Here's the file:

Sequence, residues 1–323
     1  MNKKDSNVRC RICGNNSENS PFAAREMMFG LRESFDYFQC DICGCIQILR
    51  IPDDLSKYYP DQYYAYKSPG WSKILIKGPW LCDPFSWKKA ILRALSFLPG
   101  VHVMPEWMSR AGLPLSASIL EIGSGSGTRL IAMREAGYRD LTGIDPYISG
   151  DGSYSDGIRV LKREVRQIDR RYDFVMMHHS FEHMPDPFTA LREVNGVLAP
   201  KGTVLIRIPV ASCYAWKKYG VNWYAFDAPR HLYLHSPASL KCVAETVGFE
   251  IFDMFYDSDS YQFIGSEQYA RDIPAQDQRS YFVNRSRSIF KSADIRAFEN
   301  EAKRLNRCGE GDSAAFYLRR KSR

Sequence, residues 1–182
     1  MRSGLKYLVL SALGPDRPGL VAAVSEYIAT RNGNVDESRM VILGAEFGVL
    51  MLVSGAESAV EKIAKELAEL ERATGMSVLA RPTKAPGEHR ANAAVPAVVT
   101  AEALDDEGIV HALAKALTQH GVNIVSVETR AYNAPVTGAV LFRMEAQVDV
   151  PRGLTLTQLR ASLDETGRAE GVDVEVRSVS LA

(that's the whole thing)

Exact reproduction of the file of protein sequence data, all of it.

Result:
Sequence, residues 1–323
     1  MNKKDSNVRC RICGNNSENS PFAAREMMFG LRESFDYFQC DICGCIQILR
    51  IPDDLSKYYP DQYYAYKSPG WSKILIKGPW LCDPFSWKKA ILRALSFLPG
   101  VHVMPEWMSR AGLPLSASIL EIGSGSGTRL IAMREAGYRD LTGIDPYISG
   151  DGSYSDGIRV LKREVRQIDR RYDFVMMHHS FEHMPDPFTA LREVNGVLAP
   201  KGTVLIRIPV ASCYAWKKYG VNWYAFDAPR HLYLHSPASL KCVAETVGFE
   251  IFDMFYDSDS YQFIGSEQYA RDIPAQDQRS YFVNRSRSIF KSADIRAFEN
   301  EAKRLNRCGE GDSAAFYLRR KSR

Sequence, residues 1–182
     1  MRSGLKYLVL SALGPDRPGL VAAVSEYIAT RNGNVDESRM VILGAEFGVL
    51  MLVSGAESAV EKIAKELAEL ERATGMSVLA RPTKAPGEHR ANAAVPAVVT
   101  AEALDDEGIV HALAKALTQH GVNIVSVETR AYNAPVTGAV LFRMEAQVDV
   151  PRGLTLTQLR ASLDETGRAE GVDVEVRSVS LA